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    • "An additional ALK fusion, (Ran binding protein2 (RANBP2)-ALK, has been recently described in IMT but not, as yet, in NHL (Ma et al., 2003). ALK expression in IMT varies from 36 to 61.8% of cases (Coffin et al., 2001; Cook et al., 2001; Morris et al., 2001; Yousem et al., 2001). In common with ALK-positive ALCL, ALK-positive IMTs tend to occur in younger patients (Griffin et al., 1999; Coffin et al., 2001; Cook et al., 2001; Sirvent et al., 2001). "
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    ABSTRACT: The normal functions of full-length anaplastic lymphoma kinase (ALK) remain to be completely elucidated. Although considered to be important in neural development, recent studies in Drosophila also highlight a role for ALK in gut muscle differentiation. Indeed, the Drosophila model offers a future arena for the study of ALK, its ligands and signalling cascades. The discovery of activated fusion forms of the ALK tyrosine kinase in anaplastic large cell lymphoma (ALCL) has dramatically improved our understanding of the pathogenesis of these lymphomas and enhanced the pathological diagnosis of this subtype of non-Hodgkin's lymphoma (NHL). Likewise, the realisation that a high percentage of inflammatory myofibroblastic tumours express activated-ALK fusion proteins has clarified the causation of these mesenchymal neoplasms and provided for their easier discrimination from other mesenchymal-derived inflammatory myofibroblastic tumour (IMT) mimics. Recent reports of ALK expression in a range of carcinoma-derived cell lines together with its apparent role as a receptor for PTN and MK, both of which have been implicated in tumourigenesis, raise the possibility that ALK-mediated signalling could play a role in the development and/or progression of a number of common solid tumours. The therapeutic targeting of ALK may prove to have efficacy in the treatment of many of these neoplasms.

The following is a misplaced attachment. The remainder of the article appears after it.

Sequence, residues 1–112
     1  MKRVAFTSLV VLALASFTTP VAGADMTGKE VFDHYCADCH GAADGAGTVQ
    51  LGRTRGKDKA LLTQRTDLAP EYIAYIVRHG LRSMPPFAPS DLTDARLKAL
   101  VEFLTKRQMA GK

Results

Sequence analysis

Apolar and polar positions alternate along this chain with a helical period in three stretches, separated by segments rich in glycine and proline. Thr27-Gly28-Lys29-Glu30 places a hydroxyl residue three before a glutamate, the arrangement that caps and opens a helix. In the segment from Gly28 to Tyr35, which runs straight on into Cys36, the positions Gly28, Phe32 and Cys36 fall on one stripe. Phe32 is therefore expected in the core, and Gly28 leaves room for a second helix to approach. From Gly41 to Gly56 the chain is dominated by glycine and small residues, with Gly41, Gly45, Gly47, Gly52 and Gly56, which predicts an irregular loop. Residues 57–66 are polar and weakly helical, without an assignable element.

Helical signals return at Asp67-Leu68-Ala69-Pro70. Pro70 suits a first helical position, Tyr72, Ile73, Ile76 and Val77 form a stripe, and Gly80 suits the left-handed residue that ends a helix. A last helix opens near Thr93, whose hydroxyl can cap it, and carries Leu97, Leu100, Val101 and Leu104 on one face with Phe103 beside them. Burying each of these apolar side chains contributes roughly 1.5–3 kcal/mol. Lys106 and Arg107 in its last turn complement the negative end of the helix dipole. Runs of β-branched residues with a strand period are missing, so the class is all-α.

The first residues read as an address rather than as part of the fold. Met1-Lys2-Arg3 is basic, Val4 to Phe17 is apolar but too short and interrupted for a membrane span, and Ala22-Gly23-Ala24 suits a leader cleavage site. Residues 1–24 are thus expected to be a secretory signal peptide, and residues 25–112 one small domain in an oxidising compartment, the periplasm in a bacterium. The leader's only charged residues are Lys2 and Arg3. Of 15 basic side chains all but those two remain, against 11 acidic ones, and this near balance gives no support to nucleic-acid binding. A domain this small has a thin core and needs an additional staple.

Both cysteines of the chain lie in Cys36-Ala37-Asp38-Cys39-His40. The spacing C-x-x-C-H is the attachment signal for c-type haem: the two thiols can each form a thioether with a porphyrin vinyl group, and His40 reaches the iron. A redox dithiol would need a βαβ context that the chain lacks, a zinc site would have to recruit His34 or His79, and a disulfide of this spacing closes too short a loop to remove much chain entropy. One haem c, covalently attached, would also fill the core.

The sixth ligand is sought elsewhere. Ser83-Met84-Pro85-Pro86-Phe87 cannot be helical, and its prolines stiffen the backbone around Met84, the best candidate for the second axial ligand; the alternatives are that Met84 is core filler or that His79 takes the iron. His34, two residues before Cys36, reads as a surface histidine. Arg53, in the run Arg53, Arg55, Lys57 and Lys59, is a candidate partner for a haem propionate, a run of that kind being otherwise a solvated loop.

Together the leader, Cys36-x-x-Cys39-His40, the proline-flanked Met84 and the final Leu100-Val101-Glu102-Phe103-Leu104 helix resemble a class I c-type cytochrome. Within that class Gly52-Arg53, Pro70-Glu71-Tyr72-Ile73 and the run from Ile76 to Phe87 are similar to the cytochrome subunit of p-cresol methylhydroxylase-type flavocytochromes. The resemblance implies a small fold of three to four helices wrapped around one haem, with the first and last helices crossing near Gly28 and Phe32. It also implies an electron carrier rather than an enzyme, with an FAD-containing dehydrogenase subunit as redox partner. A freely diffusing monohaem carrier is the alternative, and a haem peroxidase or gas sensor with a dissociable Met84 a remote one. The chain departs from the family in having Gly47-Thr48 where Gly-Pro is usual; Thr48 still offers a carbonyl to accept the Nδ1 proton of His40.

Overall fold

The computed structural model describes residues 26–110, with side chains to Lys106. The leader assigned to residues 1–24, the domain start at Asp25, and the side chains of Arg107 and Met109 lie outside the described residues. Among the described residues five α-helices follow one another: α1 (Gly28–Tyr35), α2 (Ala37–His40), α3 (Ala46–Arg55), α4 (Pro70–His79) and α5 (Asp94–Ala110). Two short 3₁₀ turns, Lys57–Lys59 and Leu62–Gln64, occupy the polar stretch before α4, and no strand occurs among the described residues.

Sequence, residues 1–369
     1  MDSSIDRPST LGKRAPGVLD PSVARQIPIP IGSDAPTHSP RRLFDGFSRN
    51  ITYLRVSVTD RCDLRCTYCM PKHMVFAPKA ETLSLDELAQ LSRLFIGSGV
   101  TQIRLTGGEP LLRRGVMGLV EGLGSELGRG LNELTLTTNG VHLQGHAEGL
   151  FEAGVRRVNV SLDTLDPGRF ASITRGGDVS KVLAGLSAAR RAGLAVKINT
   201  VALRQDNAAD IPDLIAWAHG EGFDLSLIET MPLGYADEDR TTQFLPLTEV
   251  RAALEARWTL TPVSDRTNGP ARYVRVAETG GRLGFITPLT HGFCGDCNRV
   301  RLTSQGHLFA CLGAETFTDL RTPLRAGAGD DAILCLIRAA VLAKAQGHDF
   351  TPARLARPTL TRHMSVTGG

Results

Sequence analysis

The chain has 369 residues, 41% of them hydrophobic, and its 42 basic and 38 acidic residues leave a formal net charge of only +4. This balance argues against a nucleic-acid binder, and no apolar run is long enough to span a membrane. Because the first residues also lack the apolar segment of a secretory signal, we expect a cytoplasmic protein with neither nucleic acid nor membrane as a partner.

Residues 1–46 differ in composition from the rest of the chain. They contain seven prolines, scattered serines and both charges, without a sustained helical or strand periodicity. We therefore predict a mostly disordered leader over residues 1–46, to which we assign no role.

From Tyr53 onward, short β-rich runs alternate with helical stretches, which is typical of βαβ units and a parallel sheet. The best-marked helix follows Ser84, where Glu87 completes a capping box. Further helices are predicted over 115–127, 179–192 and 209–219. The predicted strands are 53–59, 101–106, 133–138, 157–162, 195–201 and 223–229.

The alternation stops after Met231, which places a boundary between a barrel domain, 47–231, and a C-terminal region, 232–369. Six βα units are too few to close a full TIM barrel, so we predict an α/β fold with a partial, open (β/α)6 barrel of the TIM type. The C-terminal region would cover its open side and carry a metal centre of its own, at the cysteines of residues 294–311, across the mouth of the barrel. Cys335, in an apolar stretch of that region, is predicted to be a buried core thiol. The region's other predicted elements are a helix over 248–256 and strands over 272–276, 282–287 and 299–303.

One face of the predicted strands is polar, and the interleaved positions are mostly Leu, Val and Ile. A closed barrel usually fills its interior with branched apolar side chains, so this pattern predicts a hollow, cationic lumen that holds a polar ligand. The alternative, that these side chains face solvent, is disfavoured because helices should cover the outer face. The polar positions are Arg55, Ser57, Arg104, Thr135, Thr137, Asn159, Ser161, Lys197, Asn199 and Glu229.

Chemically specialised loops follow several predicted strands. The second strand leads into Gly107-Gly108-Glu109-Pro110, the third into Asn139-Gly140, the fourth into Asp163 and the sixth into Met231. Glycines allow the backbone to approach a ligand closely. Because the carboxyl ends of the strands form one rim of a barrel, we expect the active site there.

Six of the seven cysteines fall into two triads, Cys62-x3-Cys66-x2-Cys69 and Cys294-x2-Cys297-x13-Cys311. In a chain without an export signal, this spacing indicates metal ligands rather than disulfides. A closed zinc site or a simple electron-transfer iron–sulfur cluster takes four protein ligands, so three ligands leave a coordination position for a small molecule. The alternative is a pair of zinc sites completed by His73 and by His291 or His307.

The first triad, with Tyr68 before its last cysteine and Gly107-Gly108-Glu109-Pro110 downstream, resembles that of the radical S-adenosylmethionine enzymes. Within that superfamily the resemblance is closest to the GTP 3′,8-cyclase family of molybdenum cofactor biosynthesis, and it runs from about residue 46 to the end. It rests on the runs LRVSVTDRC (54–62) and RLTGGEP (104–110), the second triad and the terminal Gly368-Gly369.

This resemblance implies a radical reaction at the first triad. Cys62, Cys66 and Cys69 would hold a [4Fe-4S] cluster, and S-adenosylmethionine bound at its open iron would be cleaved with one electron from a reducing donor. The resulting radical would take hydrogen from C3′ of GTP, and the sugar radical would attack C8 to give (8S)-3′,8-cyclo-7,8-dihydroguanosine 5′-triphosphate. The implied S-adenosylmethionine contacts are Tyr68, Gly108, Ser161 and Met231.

Journal of Cellular Physiology 06/2004; 199(3):330-58. DOI:10.1002/jcp.10472 · 3.84 Impact Factor